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Re: Help with Ali Shan

Postby Herb_Master » Aug 8th, '11, 06:17

Tead Off wrote:
debunix wrote: ...........is to start by testing your infusion at different times--pour out just a sip after 30 seconds, taste it, .........

This doesn't really give you a complete picture of the taste profile because the tea will taste differently depending on the location of the liquid in the pot. Usually it comes off the top which is the weakest part of the infusion. ....................


+1 Exactly what I thought, when I first read this.

But on re-reading

debunix wrote:........, taste it, let the rest keep steeping a minute, pour out a sip again, let the rest keep steeping a bit longer, pour out a test sip again, etc, and stop infusing when you enjoy it.


I realised we are talking about much, much lower leaf to water ratios than any that I use. With the high packing densities that I use, initial infusions tend to be 10 to 20 seconds, and sometimes much lower than 10 with Yancha.

With high densities this approach would be madness, but with very very low densities there can be some sense in this approach!
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Re: Help with Ali Shan

Postby debunix » Aug 8th, '11, 10:43

Since the original post mentioned five minute infusions with boiling water, tasting a little here and a little there is both practical and would be a crude but useful guide to see whether there are earlier times where there is a more desirable flavor that later gets overwhelmed by oversteeping, particularly based on the first description of the steeps.

Obviously this is not going to work with a packed gaiwan and 10 second steeps, and no, the tea will not be as fully representative as if the entire contents of the teapot were poured out, a sip taken of that, and then returned to the teapot, but it is something I have done on occasion with western-style brewing, especially when on the road, dealing with unfamiliar tea steeping in unknown temperature water, and it works better than guessing.
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Re: Help with Ali Shan

Postby Tead Off » Aug 8th, '11, 11:03

The only times I have ever done this is with western style brewing of Darjeelings where steep times can average 5minutes. I wholeheartedly agree that tasting a little here and there is useful, but, only for the seasoned tea drinker that knows how to brew tea. For someone new, they won't know what to really expect. But, I guess you gotta start somewhere.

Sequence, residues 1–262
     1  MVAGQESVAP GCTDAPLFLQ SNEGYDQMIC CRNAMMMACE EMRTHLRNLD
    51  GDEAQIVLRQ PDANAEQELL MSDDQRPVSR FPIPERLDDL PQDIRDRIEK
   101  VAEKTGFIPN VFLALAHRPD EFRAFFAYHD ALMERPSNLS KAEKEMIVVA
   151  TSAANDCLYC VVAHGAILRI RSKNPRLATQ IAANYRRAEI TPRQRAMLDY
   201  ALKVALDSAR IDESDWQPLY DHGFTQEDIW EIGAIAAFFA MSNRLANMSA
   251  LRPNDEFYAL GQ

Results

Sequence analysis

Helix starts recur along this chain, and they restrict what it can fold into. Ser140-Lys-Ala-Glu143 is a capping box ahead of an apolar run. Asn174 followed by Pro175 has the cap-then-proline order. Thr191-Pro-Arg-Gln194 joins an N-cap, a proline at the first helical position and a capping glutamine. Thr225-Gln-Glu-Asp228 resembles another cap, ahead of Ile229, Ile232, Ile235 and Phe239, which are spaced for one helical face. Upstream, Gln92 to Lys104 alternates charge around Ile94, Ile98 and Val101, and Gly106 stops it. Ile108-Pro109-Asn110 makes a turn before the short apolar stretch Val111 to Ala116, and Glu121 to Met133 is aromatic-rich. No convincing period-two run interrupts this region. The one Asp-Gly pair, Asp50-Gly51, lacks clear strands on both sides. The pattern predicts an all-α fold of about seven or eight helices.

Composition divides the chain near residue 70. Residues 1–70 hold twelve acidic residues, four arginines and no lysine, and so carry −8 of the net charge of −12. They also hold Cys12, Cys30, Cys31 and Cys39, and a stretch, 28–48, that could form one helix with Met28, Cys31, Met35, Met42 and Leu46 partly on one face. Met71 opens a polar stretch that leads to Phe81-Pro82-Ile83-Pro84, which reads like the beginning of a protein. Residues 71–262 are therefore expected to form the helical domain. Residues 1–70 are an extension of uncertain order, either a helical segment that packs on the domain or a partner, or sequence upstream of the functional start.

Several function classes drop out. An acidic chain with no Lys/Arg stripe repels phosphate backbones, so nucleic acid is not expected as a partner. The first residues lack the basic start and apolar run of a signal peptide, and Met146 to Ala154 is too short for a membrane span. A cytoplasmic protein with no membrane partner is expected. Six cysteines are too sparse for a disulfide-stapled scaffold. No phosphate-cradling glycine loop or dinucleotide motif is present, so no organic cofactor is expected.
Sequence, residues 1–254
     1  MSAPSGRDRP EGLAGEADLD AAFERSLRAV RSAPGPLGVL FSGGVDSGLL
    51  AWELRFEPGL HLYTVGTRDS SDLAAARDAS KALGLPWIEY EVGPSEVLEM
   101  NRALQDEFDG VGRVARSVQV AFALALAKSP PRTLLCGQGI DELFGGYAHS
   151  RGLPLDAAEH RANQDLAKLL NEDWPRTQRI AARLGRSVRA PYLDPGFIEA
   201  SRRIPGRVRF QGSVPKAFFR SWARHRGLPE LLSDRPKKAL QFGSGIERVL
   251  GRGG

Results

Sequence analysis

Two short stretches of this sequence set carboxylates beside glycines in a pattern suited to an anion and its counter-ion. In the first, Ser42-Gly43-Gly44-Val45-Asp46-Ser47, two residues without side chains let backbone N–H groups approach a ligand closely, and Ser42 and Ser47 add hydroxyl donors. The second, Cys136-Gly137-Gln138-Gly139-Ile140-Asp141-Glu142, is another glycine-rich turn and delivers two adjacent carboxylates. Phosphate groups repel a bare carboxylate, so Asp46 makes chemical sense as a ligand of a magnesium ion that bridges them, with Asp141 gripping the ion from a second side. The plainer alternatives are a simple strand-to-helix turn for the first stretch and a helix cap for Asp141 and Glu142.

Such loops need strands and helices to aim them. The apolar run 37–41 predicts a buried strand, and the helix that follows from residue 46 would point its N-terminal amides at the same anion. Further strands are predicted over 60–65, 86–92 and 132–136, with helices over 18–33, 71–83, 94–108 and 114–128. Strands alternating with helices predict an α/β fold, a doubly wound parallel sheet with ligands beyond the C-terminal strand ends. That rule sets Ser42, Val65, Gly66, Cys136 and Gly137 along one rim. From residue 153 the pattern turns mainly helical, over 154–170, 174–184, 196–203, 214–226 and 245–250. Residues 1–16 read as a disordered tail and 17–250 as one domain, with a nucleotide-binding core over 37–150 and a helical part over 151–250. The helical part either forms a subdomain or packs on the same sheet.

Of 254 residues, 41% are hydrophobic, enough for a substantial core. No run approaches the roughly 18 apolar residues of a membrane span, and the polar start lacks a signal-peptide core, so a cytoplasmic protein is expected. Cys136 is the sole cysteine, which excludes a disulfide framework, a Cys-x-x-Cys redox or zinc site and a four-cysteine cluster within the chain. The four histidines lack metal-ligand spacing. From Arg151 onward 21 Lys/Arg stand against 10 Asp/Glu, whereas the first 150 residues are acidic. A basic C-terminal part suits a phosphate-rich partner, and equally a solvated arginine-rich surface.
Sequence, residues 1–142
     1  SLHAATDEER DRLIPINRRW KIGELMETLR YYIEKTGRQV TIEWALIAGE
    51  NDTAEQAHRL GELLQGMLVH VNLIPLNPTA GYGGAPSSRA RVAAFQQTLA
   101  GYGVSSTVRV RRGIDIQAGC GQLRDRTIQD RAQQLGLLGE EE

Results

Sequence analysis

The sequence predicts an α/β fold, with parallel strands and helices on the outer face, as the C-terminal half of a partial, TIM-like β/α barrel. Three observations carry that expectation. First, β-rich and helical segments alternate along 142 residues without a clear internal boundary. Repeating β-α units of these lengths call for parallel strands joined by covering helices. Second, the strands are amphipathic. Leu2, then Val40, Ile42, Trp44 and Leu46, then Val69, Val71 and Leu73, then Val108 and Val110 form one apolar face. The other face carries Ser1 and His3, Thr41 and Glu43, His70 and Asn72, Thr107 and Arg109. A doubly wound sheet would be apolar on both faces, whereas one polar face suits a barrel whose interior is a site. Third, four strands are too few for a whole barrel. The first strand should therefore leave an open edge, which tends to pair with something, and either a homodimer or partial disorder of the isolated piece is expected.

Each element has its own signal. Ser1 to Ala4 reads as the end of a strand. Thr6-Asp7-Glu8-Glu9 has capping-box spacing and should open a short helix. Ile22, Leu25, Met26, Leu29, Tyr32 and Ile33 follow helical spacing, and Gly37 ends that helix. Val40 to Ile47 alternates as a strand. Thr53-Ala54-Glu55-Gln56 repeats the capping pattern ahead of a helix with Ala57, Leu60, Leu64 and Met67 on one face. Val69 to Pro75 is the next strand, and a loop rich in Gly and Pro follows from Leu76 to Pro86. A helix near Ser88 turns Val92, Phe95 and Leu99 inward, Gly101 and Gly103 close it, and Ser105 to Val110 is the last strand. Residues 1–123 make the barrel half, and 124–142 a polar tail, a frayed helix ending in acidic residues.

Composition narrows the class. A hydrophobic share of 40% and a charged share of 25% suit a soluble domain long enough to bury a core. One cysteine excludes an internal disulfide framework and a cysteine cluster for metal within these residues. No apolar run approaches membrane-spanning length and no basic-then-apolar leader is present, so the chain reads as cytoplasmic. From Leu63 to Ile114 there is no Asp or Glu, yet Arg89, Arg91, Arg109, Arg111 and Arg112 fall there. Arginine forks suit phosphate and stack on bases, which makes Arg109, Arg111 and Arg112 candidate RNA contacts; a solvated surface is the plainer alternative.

I am wondering why someone brews oolongs for 5 minutes? Is it just to drink a larger cup of tea? So much of the flavor and aroma are lost this way. You lose the fullness of the tea. But, if that is the way someone prefers it, so be it, I guess.
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Re: Help with Ali Shan

Postby teaisme » Aug 8th, '11, 14:43

One of my first memorable tea moments was outside, brewing in a large old yixing about 450ml-500ml, pouring two cups at a time, 20mlish each, starting at about 30seconds and no idea how long the last two cups were in there for.
It went from light to heavy in a very good way. The tea wasn't what some people would call very high quality, but it was perfect for the place,wares, time, and mindset.

The tea did taste natural though, adagio alishan did not, at least the last time I had it a couple years back.

Perhaps I would look to a vendor that specializes in taiwanese tea if you want taiwanese tea. There are some good domestic vendors in the US too, so fast shipping and communication are not an issue.
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Re: Help with Ali Shan

Postby Victoria » Aug 8th, '11, 17:15

The conversation gets muddied up a bit here because of the two distinctly different brewing methods being discussed.

Keeping in mind that you are brewing your tea "English" style in a "pot" (even though it is an ingenuitea) I would suggest the same ratio (or perhaps a bit less than heaping), but for no more than 3 mins. The next steep 5 mins.

This year's Ali Shan seems to be less floral - assuming it is this year's crop.
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Re: Help with Ali Shan

Postby Herb_Master » Aug 8th, '11, 17:29

Hello Victoria, long time no see, are you keeping well?